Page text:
Effective Monday October 21st, All Bail matters will be moved into SB2 Starting at 930 am, where the video suite is located and will deal with overnight arrests, video from the various Detention centres and regular bail matters, if I can describe them as that.

Case Management Court will be moved into SB3 with a 900 am start and once Case Management Court has been completed it will become a Bail Assist Court with IPBC taking priority on Mondays and Thursdays at 130 pm.

It is believed that this will assist Court Support Staff with Docket and Information preparation and ensure that proper breaks are given throughout the day.

Signage and the information counter on the first floor will be prepared to advise the public of these changes.

I will be preparing revised Protocols for both SB2 and SB3 and hopefully have them distributed by weeks end.

Also please feel free to share this message with anyone else who would have an interest in this matter.

Thank you,



Local Administrative Justice of the Peace Niagara

SB2 Case Management Video Bail Best Practices Protocol 20191021

SB3 Case Management IPBC 20101021

Changes to LAO Duty Counsel Program

FOLA received notice yesterday from Legal Aid Ontario about changes that are coming in the duty counsel program, effective July 7th.

The lists of what duty counsel will do/won’t do are attached.

The central changes are as follows, though the detail is really in the service guides:

  • Criminal duty counsel: duty counsel will continue to serve in-custody accused without financially testing as always, but will serve only financially and legally eligible clients for out-of-custody accused.  Duty counsel won’t be providing dedicated courtroom services (ie staffing courtrooms all day) except for bail court.  However, duty counsel will continue to go into court (not trial courts, of course) to serve legally and financially eligible clients.
  • Family duty counsel: duty counsel will assist clients with some aspects of Motions to Change, and will provide in-court service to financially and legally eligible clients in the Ontario Court of Justice and the Unified Family Court.
  • Agency work: duty counsel will provide routine agency work for lawyers on certificate matters.

As a practising lawyer, with over 25 years experience, and with my practice restricted, by choice, to criminal law for well over half my career, please, accept this personal note of encouragement.  I can say that in reviewing the DC restrictions rather than enhancement of DC services we, the practising Certificate counsel Bar, should see a wee glimmer of positivity as this is good for us and not as harmful as anticipated.   In the meanwhile, I as FOLA LAO chair, and Katie Robinette, FOLA’s Executive Director, plan to continue to actively participate with the Alliance for the Sustainability of Legal Aid (ASLA).   The next meeting is Tuesday next.  We and other stakeholders are seeking a course of action to address your concerns.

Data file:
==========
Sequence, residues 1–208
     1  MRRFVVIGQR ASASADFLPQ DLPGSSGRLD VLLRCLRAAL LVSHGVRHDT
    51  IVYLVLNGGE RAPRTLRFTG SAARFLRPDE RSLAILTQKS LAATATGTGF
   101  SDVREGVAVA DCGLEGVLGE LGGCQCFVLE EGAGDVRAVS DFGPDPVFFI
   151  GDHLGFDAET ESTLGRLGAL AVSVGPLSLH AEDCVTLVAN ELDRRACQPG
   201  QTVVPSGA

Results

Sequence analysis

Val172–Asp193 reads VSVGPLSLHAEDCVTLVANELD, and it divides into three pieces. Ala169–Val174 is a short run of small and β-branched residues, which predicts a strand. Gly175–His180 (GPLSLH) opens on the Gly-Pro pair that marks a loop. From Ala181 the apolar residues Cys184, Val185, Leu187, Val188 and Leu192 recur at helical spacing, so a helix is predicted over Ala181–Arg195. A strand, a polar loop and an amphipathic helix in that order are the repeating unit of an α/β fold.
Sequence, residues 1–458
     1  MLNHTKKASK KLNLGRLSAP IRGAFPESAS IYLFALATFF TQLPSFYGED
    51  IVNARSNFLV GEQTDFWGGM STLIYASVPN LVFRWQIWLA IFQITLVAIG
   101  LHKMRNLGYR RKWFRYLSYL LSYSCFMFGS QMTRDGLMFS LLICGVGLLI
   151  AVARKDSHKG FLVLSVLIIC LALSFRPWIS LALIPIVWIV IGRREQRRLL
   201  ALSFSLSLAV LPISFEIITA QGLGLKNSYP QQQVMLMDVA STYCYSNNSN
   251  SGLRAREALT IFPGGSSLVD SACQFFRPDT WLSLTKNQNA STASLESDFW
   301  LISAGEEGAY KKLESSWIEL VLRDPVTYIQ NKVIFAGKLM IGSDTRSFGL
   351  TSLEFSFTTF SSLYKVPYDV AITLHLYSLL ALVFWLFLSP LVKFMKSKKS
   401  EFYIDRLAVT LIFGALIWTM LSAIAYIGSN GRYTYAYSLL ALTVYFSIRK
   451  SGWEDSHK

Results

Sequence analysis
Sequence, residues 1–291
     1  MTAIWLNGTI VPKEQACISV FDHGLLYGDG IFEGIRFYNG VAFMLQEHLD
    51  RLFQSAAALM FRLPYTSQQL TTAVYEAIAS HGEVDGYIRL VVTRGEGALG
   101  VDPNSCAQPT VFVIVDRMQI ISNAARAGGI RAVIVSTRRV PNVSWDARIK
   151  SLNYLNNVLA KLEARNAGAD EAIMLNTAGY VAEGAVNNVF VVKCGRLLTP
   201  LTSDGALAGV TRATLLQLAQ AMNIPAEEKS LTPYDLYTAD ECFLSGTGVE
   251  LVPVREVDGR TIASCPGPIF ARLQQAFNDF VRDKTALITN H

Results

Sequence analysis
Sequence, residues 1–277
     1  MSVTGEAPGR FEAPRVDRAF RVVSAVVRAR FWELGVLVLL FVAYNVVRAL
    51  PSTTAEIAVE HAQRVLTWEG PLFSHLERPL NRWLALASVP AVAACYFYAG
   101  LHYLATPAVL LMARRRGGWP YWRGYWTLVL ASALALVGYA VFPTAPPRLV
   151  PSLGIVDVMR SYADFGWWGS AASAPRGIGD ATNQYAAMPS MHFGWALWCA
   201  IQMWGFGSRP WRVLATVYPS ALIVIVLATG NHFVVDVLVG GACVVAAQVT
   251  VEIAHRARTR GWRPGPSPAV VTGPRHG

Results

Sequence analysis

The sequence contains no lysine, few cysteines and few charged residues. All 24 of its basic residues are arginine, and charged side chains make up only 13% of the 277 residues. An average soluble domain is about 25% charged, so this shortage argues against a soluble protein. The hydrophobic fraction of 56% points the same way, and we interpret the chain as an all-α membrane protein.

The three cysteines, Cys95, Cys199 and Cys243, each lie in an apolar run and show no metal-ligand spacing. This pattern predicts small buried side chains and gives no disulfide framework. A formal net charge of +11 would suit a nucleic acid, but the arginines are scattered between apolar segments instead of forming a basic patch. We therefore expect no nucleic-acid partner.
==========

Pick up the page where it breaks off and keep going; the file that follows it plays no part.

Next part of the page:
Terry Brandon

FOLA Legal Aid Chair

Service Guide 2019 – CRIMINAL

 Service Guide 2019 – FAMILY

Provincial Practice Advisory – 90 day Detention Reviews s. 525 Criminal Code

Provincial Practice Advisory – 90 day Detention Reviews s. 525 Criminal Code

Effective: June 3, 2019

Purpose: To notify Crown counsel, members of the criminal bar, court staff, trial coordinators and corrections of their obligations to the Court pursuant to s. 525 of the Criminal Code and R. v. Myers, 2019 SCC 18.  


  1. It is the responsibility of the correctional facility to notify the SCJ when an inmate is eligible for a 90[1] day review pursuant to s. 525 as interpreted in Myers.[2]
  2. When the 90 day eligibility period is reached, the correctional facility must notify and bring a s. 525 application to the SCJ. The correctional facility will notify the SCJ trial coordinator and SCJ court administration.[3]
  3. Corrections is to notify the SCJ sufficiently in advance of the 90 day eligibility period to enable the Court and trial coordinator to arrange for notification of counsel and to determine next steps in the matter. The point in time for notification in each region will be determined by arrangement with the SCJ judiciary in each region.[4]
  4. Correctional facilities are to notify the SCJ in the location where the case is going to be tried.
  5. Unless directed otherwise by the Court or local practice advisory, SCJ court administration is responsible for:
    1. Inputting the appropriate information into FRANK
    2. Opening a s. 525 file – this should generally include
      • the material submitted to the Court from correctional facility (e.g. OTIS information/s. 525 application)
      • an endorsement page for SCJ presiding judge
    3. Ordering a copy of the information from the OCJ to be available to the SCJ when required as directed by the Judge or by local practice.
    4. CSD (OCJ) must make efforts to expedite making a copy of the information available to SCJ at the requisite time when it is required.